Gov. Chris Sununu made an unannounced stop at Mayor George Hansel’s campaign kickoff event Tuesday in Keene to back the GOP mayor’s bid for Congress in the Second District.
“George Hansel is the first congressional candidate I’m endorsing,” Sununu pointed out. “I’m behind George 100 percent. His record of public service, the fact that he’s a businessman, and you’ve never seen someone better at constituent service. He really is just phenomenal at getting at the touchpoint, and that’s exactly what people want out of Washington D.C.,” Sununu said.
Hansel’s electoral success as a Republican in one of the Granite State’s most liberal cities has surprised many and has marked him as a rising star in the party. State GOP insiders have been speculating for weeks that he might enter the race, particularly after Sununu favorite Jeff Cozzens dropped out in April.
Hansel said he’s running on his record of fiscal responsibility in the face of growing economic uncertainty and crippling inflation that is hurting New Hampshire families.
“Inflation is really starting to erode our quality of life. I can’t stand by while Granite State families continue to fall behind through no fault of their own,” Hansel said. “Gas prices are surging, groceries are going up, our retirement savings are going down. Reckless federal spending has been bailing out big urban centers and it’s been raising costs for the rest of us.”
Hansel’s team sees an opportunity to unseat Rep. Annie Kuster, D-Hopkinton, the five-term incumbent they say has been AWOL during much of the current economic crisis. The campaign feels it has a real opportunity to win, especially given the support from Sununu.
Hansel said New Hampshire families are dealing with Washington’s inaction and economic malpractice.
“This winter, I can’t even imagine, families are going to be sitting around their kitchen tables and they’re gonna be opening the heating bills and figuring out how to get by,” he said. “They are going to have to make heartbreaking decisions between investing in the future of their children and just heating their homes.”
Hansel, an executive at the family business Filtrine Manufacturing in Keene, still needs to convince GOP primary voters he’s the best choice to take out Kuster and he’s got a big hurdle: winning a Republican primary in the era of Trump.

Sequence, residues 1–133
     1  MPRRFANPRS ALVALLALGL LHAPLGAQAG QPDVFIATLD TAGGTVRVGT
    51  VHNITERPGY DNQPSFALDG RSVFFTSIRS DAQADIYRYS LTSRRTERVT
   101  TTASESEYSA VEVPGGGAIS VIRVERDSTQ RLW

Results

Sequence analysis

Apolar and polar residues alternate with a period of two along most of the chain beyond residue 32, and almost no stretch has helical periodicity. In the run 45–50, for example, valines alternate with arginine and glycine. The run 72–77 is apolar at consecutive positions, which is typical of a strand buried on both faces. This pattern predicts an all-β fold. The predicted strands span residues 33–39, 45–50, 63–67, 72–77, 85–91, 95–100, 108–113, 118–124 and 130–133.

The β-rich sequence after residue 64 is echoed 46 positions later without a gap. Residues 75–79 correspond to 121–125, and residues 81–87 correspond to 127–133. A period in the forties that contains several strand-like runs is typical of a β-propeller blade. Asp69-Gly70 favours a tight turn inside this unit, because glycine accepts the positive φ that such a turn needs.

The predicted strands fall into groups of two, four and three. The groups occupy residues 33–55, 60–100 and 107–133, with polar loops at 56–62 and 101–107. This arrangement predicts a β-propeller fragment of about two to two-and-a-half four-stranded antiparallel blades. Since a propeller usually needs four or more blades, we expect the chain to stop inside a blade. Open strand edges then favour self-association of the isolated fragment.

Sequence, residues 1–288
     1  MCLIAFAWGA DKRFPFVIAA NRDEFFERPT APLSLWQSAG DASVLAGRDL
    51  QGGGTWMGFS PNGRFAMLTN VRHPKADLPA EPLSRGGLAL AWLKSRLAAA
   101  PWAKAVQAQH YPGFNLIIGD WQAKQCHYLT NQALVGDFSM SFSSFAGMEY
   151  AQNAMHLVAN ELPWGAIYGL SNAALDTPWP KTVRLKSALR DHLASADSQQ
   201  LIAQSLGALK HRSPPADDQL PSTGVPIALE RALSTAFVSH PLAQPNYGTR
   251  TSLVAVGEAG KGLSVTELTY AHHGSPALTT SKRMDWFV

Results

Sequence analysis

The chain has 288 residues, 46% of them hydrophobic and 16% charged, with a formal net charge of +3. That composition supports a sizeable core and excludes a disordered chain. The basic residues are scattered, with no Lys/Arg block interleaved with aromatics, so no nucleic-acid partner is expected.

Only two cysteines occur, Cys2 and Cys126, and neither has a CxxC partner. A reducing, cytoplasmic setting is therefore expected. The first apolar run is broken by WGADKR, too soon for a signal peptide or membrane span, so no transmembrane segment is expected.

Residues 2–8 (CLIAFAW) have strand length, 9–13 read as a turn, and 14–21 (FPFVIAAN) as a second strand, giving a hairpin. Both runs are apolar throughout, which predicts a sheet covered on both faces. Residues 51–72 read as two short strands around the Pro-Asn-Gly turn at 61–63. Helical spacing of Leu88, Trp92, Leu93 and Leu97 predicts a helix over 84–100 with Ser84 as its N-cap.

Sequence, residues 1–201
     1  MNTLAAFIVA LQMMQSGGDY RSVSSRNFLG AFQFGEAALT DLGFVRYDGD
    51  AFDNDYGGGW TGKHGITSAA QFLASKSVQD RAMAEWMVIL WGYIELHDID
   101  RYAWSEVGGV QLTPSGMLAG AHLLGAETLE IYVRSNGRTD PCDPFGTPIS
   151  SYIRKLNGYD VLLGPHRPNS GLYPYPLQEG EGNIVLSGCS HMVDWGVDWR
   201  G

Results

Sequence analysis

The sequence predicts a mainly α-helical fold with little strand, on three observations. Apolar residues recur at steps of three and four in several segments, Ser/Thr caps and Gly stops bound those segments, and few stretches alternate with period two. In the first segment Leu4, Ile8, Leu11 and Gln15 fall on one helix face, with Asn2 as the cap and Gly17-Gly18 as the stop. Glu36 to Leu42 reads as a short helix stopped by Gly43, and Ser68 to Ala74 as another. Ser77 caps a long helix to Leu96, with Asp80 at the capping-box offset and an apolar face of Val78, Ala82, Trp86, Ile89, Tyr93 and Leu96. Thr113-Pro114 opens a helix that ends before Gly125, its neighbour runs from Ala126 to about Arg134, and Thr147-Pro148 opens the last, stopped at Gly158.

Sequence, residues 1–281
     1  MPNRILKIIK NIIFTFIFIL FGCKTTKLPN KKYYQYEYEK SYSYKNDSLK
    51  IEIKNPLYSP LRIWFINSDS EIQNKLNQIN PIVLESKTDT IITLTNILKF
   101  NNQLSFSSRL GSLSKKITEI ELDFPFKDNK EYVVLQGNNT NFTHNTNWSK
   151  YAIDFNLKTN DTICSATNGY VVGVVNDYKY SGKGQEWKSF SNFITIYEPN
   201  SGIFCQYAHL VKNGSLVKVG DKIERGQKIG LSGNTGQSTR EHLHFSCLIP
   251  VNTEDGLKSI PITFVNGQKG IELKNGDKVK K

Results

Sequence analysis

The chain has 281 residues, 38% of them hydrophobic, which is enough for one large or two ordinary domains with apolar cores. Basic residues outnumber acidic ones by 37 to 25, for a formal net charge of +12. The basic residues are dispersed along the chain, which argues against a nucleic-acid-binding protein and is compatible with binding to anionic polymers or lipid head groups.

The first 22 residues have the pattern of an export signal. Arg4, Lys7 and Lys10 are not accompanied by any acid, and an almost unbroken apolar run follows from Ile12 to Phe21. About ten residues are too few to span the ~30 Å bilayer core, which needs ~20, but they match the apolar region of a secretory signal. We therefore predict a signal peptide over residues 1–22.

“I’m the only conservative running,” said Bob Burns of Pembroke, an outspoken Trump supporter who is running in the Second District GOP primary along with another far-right Republican, Lily Tang Williams.
Burns has not wasted any time going after Hansel, tweeting Tuesday, “I’d like to welcome woke BLM activist and mask mandater @GeorgeHansel to the #nh02 Republican primary race!”
Burns says Hansel is to his left on abortion, and he criticizes the mayor for attending a Black Lives Matter rally in Keene and supporting a mask mandate. He said Hansel is just like Kuster when it comes to welcoming federal dollars for projects in Keene.
While Hansel did attend a Black Lives Matter rally in the summer of 2020 during the unrest following the murder of George Floyd, he has maintained he was there to talk to protestors and learn their concerns. He was at the rally with Cheshire City Sheriff Eli Rivera and Keene police officials.
Keene’s mask mandate ended in February when Hansel voted to break the tie. As mayor, Hansel can only vote to break ties under the city charter. Hansel says that while he supported people wearing masks if they choose, he thought the city-imposed mandate was too divisive.
Political analysts say the race is shaping up as a classic case of party purity vs. winnability. The district has tilted more to the left than the state as a whole for years. Even when it did elect Republicans, they were moderates like Charlie Bass and Judd Gregg. The Granite State GOP base remains solidly conservative and supportive of President Donald Trump, polls show.
Burns rejects the argument that he is too conservative to win in November. (Tang Williams did not respond to requests for comment). “Annie is barely in the district,” Burns said, a complaint often heard from Granite Staters on both sides of the aisle.
Kuster’s team did not respond to a request for comment.
Hansel’s team sees his opportunity as running as a “George Hansel Republican,” who focuses on the issues important to the voters. As for “energizing the base,” Hansel supporters note the most popular Republican in the state was at his event to endorse him: Chris Sununu.
Sununu thinks Hansel has a good shot.
“The polls say it all, 53 percent of people in this district want someone else to have a chance at Congress and George is the one to do it,” Sununu said.